"When people use contraception, they're not asking themselves, do I want a lifetime relationship with this person or would this person be a good parent," Smith explains. "They're simply hooking up, typically because of sex, and sliding into marriage."
By this gal's logic, then, sex with contraception actually promotes marriage.
And if they can't make you, well, they can at least beat you down so hard that you don't have time to worry about your beliefs, because they've manipulated the system and forced you into a de facto adoption of their behaviors.
Have you read Persepolis by Marjane Satrapi? In the second volume, she writes about the restrictions on women in post-revolutionary Iran, something to the effect of, if you're scared that your headscarf isn't long enough, that your ankles might show, etc., then you don't have time to think about what's happened to your freedoms. There's a lot in there that reminds me of what's happening here today.
Ni, I haven't read that. I was thinking about it as a deliberate perversion of Maslow's hierarchy of needs, in which subjugated populations are forced down from self-actualization to preoccupation with basic survival. Some studies suggest that it is,quite literally, crazy-making.
Okay, kind of off topic, but for whatever it's worth I think Persepolis (the first one) is great, and I have assigned it in Politics of the Middle East.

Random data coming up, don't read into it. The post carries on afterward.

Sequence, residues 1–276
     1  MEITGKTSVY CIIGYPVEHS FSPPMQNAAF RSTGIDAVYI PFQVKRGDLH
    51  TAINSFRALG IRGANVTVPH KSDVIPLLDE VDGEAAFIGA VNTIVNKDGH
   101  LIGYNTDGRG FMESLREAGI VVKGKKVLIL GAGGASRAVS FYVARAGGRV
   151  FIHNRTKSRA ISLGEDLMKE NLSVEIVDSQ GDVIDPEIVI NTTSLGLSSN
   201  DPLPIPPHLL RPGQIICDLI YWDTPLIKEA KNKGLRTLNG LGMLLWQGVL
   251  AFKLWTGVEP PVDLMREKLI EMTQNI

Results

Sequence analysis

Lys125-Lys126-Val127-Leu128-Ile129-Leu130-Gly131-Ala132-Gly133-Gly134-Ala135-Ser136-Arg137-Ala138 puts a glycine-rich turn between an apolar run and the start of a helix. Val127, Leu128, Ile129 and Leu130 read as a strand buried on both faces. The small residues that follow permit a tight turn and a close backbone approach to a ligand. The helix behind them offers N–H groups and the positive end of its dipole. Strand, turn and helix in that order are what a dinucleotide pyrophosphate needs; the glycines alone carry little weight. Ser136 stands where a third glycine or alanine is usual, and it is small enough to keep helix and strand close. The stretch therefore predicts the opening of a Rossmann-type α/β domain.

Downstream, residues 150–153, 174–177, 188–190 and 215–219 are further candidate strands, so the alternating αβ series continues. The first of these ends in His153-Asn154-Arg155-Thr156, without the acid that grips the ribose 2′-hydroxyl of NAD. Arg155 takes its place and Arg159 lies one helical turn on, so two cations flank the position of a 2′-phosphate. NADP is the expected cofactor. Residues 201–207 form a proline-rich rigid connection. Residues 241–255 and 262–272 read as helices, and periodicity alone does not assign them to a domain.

But I've only done that once or twice and I don't know if I'll do that again. While those who read it seemed to like it and get a lot out of it, clearly a bunch of students had a tough time with the idea that we should give serious consideration to a text when the text is a graphic novel. Not that that's enough to make me drop a text, but it's hard to work around.
Well then, can I borrow yours? And I'm surprised about their view of the the graphic novel. I am going through the opposite right now, in that they all love reading Thomas Friedman, which is a book that I chose to show them how not to think about the subject, but also to give them a "mainstream" perspective. They claim not to be able to "get" anything out of Keohane and Nye.
So who should we blame for this - the people who assign and write textbooks for grade school? Those responsible for the low-content articles you read in glossy magazine or Gannett newspapers? The average student does seem to want to cling to familiar reading norms - and be threatend or scared by going outside them. And sure, you can borrow my copy.